A strong parent-child relationship is necessary for the emotional, social, and physical development of a child. Unfortunately, this relationship often breaks down during a divorce. Below are some measures to help you maintain your relationship with your child during a divorce.
Conflicts between parents affect the parent-child relationship. For example, the child might view one parent as the antagonist and the other as the victim. In that case, the child’s relationship with the perceived antagonist might suffer.
Minimize conflict during your divorce to avoid such effects. Here are some helpful tips:
- Try alternative divorce methods, such as mediation, instead of litigation
- Focus on the facts of the case
- Look to the future (post-divorce life) instead of the past
- Consult relevant professionals, such as a divorce lawyer, therapist, and financial expert
Keep all unavoidable conflicts away from the child.
In some divorces, one parent ends up doing all or most of the childcare tasks. Such an arrangement might strain the relationship between the child and the aloof parent. Find a way to keep both parents in the child’s life. Say one parent has moved out of the marital home. Create a temporary custody or visitation schedule so that both of you can continue to parent the child.
Miscommunication or lack of adequate communication can also strain children’s relationship with their parents during and after a divorce. For example, young children sometimes feel responsible for their parent’s separation. The best way to dispel such feelings is to communicate with the child and help them understand their innocence.
Don’t Rush Into a New Relationship
When a parent gets into a new relationship during or right after a divorce, the child will likely resent the parent plus their new partner. The child might blame the new person for the breakdown of their parent’s relationship, even if that is not the case.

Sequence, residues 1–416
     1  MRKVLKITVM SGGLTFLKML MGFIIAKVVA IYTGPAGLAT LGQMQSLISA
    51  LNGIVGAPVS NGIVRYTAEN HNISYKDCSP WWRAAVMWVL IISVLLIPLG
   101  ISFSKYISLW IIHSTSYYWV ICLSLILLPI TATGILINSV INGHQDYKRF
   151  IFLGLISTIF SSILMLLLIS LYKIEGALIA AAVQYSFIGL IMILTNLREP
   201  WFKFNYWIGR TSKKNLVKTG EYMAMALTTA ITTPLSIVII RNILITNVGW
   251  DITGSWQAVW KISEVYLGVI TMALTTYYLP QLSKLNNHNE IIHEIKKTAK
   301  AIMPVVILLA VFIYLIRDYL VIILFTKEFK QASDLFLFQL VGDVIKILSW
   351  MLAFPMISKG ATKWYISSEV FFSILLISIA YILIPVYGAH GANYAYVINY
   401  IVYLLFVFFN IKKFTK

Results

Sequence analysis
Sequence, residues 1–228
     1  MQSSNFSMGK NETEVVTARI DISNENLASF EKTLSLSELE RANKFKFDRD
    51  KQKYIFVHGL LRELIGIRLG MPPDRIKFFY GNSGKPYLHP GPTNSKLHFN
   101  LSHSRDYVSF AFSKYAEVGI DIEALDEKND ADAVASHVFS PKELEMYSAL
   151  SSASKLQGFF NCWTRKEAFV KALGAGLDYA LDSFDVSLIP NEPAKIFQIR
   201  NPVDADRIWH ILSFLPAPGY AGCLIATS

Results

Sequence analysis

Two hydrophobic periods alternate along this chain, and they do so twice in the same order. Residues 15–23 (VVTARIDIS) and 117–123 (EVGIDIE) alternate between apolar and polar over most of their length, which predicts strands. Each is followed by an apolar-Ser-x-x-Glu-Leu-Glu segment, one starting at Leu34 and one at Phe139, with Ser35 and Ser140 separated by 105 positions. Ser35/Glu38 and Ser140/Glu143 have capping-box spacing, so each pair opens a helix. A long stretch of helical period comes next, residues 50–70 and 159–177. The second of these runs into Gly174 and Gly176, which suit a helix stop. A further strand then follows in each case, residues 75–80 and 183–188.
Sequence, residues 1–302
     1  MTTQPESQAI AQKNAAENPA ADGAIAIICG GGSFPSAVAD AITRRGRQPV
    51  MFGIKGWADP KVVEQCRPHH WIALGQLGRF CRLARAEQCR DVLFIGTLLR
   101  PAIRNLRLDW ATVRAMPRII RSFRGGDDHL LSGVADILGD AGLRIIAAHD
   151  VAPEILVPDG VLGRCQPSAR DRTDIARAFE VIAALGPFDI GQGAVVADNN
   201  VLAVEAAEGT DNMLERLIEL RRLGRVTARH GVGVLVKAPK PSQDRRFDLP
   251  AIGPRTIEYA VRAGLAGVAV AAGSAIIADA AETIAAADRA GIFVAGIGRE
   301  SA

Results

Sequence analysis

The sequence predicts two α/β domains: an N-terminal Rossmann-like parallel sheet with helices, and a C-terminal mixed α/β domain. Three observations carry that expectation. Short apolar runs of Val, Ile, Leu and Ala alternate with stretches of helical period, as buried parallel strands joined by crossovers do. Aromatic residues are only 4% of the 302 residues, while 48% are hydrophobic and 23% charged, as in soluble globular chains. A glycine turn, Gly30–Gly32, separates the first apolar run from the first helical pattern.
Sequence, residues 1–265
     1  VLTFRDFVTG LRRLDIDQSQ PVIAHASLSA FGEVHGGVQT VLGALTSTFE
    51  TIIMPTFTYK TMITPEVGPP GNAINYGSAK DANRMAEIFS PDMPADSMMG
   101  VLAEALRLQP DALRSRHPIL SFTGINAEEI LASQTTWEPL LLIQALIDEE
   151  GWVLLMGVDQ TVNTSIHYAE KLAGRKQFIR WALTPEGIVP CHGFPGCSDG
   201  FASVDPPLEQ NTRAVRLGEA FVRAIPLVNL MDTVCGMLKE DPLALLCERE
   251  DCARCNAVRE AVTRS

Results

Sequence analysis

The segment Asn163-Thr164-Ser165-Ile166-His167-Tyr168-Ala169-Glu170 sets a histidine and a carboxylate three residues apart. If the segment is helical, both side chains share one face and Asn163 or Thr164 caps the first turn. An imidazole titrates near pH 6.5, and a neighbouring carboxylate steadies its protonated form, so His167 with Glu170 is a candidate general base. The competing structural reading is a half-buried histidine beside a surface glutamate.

Avoid such misunderstandings by not rushing into new relationships. Ideally, you should avoid new relationships during the divorce. If the time comes for a new relationship after the divorce, communicate with the child to help them understand the dynamics. Help your child understand that you are not replacing their biological parent, and you will continue to love them.
Avoid Parental Alienation
Parental alienation arises if one parent uses unorthodox tactics to turn a child against the other parent. For example, the alienator might:
- Blame the other parent for the divorce in front of the child
- Divulge unnecessary details, such as extramarital affairs, to the child
- Bar the child from talking or visiting with the other parent
Parental alienation is bad, whether it’s intentional or not. Instead, the parents should encourage positive interaction between each parent and the child.
Don’t Lean on Your Child
Divorce is an emotional thing. People usually lean on others, such as friends, family members, or religious leaders, to help them cope with their emotions during the process. Some parents also lean on their children, which is not advisable.
Children usually can’t deal with divorce issues healthily. Even older children don’t have the emotional maturity to help their parents during divorce. Leaning on your child might ruin your relationship with them. Lean on other mature adults or consult a professional therapist to help you cope with the divorce’s emotional aspects so that you can help your children cope as well.
The Law Offices of Lynda Latta LLC can help you handle your divorce in a professional and tidy manner. Indeed, you should let relevant professionals handle your divorce as you focus on you and your child’s welfare. We will also help you avoid a protracted divorce that can worsen the parent-child relationship even more. Contact us for a divorce consultation today.